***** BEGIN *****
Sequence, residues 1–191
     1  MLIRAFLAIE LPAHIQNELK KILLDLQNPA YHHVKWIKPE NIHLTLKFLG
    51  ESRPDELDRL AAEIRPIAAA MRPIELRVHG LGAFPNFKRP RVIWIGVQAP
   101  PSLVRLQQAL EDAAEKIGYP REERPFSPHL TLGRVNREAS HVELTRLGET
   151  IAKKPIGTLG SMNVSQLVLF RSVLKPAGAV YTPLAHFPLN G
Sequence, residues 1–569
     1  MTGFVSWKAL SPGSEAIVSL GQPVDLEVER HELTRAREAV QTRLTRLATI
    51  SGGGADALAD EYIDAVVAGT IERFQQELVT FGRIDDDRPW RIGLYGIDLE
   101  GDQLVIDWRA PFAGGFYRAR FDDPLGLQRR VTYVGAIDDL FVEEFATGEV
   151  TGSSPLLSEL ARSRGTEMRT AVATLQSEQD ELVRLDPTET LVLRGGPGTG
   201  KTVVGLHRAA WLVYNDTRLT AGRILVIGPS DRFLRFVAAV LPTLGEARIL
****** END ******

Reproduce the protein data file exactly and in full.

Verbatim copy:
Sequence, residues 1–191
     1  MLIRAFLAIE LPAHIQNELK KILLDLQNPA YHHVKWIKPE NIHLTLKFLG
    51  ESRPDELDRL AAEIRPIAAA MRPIELRVHG LGAFPNFKRP RVIWIGVQAP
   101  PSLVRLQQAL EDAAEKIGYP REERPFSPHL TLGRVNREAS HVELTRLGET
   151  IAKKPIGTLG SMNVSQLVLF RSVLKPAGAV YTPLAHFPLN G
Sequence, residues 1–569
     1  MTGFVSWKAL SPGSEAIVSL GQPVDLEVER HELTRAREAV QTRLTRLATI
    51  SGGGADALAD EYIDAVVAGT IERFQQELVT FGRIDDDRPW RIGLYGIDLE
   101  GDQLVIDWRA PFAGGFYRAR FDDPLGLQRR VTYVGAIDDL FVEEFATGEV
   151  TGSSPLLSEL ARSRGTEMRT AVATLQSEQD ELVRLDPTET LVLRGGPGTG
   201  KTVVGLHRAA WLVYNDTRLT AGRILVIGPS DRFLRFVAAV LPTLGEARIL